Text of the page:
The court noted in particular that, according to a 2007 study by BirdLife Malta, trapping in Malta was so intensive that only a handful of each of the common finch species regularly breed on the islands, whereas they breed in high numbers in other areas of the Mediterranean.
Consequently, the court ruled that Malta has failed to fulfil its obligations under the Directive.
In a statement the Commission noted that the ruling confirmed its position that there was no justification for finch trapping in Malta.
“Finches are strictly protected under the EU Birds Directive. Malta had to end finch trapping by the end of 2008 after a transition period it had negotiated when acceding to the EU had expired. The Commission now expects Malta to fully respect the court's judgement and to stop this practice once and for all,” the statement read.
The Commission also recalled that it was seeking to stop similar practices in other member states. Last month, Brussels sent a reasoned opinion to Spain as part of an infringement procedure addressing finch trapping.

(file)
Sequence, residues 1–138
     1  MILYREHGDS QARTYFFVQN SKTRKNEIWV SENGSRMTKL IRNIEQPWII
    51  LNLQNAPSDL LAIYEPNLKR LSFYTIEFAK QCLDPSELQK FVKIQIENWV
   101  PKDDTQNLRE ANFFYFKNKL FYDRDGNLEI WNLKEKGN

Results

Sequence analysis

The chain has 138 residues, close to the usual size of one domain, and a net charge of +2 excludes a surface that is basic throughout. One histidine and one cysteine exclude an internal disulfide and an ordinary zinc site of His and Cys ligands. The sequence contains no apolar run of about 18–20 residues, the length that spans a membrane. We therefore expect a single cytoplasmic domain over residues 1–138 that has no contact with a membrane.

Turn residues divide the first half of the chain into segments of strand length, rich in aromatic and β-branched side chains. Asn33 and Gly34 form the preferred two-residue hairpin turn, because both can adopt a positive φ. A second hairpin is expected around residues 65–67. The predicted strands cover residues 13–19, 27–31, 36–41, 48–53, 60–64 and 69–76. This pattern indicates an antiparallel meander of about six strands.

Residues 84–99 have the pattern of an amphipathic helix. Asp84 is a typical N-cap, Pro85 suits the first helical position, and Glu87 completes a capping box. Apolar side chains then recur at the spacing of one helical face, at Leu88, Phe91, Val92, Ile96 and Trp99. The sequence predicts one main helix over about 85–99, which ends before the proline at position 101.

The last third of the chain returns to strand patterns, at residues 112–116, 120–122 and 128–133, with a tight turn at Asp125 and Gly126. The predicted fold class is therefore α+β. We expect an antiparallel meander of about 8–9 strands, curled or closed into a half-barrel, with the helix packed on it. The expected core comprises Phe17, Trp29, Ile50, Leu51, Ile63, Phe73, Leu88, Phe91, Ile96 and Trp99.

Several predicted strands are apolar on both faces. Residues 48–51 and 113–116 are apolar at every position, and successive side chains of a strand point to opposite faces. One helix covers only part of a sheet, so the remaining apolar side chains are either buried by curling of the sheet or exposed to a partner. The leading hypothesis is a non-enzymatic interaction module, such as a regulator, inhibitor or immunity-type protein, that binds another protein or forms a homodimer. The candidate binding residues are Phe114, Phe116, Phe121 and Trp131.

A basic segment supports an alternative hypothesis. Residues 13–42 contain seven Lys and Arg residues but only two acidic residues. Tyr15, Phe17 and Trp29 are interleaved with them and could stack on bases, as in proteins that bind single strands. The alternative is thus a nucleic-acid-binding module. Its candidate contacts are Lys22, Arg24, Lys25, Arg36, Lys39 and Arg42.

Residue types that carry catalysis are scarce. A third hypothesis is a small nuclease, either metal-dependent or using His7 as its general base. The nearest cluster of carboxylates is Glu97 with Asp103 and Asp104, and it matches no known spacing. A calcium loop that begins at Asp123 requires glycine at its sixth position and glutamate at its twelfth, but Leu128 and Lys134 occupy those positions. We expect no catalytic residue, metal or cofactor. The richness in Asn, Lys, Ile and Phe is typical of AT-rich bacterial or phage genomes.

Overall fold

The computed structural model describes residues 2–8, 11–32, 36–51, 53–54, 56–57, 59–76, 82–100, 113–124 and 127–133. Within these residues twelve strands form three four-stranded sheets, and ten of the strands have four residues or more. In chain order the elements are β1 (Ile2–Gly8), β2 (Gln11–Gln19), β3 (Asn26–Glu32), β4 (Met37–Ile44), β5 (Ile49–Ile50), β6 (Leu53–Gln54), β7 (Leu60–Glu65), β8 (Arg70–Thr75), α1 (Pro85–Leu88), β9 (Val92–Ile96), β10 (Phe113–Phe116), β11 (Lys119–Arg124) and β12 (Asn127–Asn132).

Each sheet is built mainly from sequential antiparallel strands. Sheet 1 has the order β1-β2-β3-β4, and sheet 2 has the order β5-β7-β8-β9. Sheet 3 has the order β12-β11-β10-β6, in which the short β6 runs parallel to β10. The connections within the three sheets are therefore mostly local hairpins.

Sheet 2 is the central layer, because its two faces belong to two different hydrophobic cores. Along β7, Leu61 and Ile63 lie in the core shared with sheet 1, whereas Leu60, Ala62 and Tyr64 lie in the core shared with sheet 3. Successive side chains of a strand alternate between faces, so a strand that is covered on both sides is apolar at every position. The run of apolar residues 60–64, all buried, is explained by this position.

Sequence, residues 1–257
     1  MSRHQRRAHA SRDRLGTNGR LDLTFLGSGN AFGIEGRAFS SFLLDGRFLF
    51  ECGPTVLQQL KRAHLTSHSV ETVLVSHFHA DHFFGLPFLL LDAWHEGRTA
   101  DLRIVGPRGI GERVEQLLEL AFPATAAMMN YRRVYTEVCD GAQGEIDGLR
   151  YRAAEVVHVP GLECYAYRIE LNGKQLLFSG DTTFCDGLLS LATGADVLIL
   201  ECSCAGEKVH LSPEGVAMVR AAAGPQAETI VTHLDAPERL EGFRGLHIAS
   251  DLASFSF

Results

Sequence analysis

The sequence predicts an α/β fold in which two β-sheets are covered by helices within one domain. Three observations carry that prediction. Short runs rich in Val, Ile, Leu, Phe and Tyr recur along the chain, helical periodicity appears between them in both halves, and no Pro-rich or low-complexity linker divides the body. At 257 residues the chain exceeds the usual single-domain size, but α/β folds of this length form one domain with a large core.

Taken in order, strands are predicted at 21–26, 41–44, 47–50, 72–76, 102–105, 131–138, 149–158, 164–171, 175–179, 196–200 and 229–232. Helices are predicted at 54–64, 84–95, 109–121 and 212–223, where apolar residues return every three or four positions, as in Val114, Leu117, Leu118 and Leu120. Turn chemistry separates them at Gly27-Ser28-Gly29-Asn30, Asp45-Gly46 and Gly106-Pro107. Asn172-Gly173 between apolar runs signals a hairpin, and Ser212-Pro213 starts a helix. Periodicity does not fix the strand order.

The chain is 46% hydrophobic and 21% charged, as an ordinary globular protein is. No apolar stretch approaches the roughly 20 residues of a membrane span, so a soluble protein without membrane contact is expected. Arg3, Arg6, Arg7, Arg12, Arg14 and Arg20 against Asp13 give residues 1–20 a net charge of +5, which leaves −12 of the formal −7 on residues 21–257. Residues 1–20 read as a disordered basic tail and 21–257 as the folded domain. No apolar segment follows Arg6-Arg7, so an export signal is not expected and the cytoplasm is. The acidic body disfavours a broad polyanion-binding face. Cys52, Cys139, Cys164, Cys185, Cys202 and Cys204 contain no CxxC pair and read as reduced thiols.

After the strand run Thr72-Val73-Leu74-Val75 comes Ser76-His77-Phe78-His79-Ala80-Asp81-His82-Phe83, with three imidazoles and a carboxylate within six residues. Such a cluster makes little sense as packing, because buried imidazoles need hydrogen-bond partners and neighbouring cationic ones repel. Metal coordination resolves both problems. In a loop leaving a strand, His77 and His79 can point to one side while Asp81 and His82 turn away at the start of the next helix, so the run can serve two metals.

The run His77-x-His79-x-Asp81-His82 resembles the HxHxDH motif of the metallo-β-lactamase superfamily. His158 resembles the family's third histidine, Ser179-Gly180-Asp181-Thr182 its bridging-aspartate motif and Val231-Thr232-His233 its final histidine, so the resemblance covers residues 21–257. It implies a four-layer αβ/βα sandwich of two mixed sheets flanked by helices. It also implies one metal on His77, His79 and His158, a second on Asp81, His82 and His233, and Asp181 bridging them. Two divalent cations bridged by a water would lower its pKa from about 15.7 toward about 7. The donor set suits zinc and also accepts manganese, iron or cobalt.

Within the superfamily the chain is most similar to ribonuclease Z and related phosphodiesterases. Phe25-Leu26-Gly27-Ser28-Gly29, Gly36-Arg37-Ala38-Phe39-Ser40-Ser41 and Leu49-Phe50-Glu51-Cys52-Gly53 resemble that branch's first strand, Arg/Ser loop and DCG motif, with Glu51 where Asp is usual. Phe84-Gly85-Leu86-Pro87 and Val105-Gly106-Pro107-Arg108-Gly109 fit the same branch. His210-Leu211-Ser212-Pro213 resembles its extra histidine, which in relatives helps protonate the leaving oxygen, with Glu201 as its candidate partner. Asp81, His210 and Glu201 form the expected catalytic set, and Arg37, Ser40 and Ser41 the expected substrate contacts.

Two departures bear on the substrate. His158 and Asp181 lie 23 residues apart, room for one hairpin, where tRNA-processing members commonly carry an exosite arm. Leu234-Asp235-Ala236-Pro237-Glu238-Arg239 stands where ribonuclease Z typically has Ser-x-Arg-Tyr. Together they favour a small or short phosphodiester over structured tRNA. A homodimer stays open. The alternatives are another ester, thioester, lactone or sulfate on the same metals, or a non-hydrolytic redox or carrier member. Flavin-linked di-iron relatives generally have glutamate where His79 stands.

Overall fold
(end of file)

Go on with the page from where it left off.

Government to evaluate ruling
On its part the government said it was evaluating the ruling in detail so that any decision it took would be legally sound. It said that the decision could not be appealed.
It noted that, in recent years,it had done its utmost to keep the tradition alive by opening the trapping of finch birds season between 2014 and 2017. All available resources were used to defend the case in collaboration with the organisations that represented trappers, the government said.
In a tweet, former Nationalist Party leader Simon Busuttil accused Joseph Muscat of buying trappers' votes when it was clear that trapping was illegal.
The EU Court judgment that bird trapping is illegal and must stop is no surprise. We paid a heavy political price for telling trappers the truth from the start. Instead, @JosephMuscat_JM bought their votes by cynically promising them to keep trapping. He deceived them too. pic.twitter.com/FlcJ3zleYT— Simon Busuttil (@SimonBusuttil) June 21, 2018
AD spokesman Simon Galea:"This decision by the European Court of Justice means that our natural environment and Malta's flora and fauna will be afforded more protection. Government took trappers for a ride. It peddled the myth that trapping could continue unabated. Fortunately for those who love their country and its natural environment, the ECJ has confirmed what we knew all along: trapping is illegal. It is now government's duty to see that trapping is not allowed through proper and effective enforcement."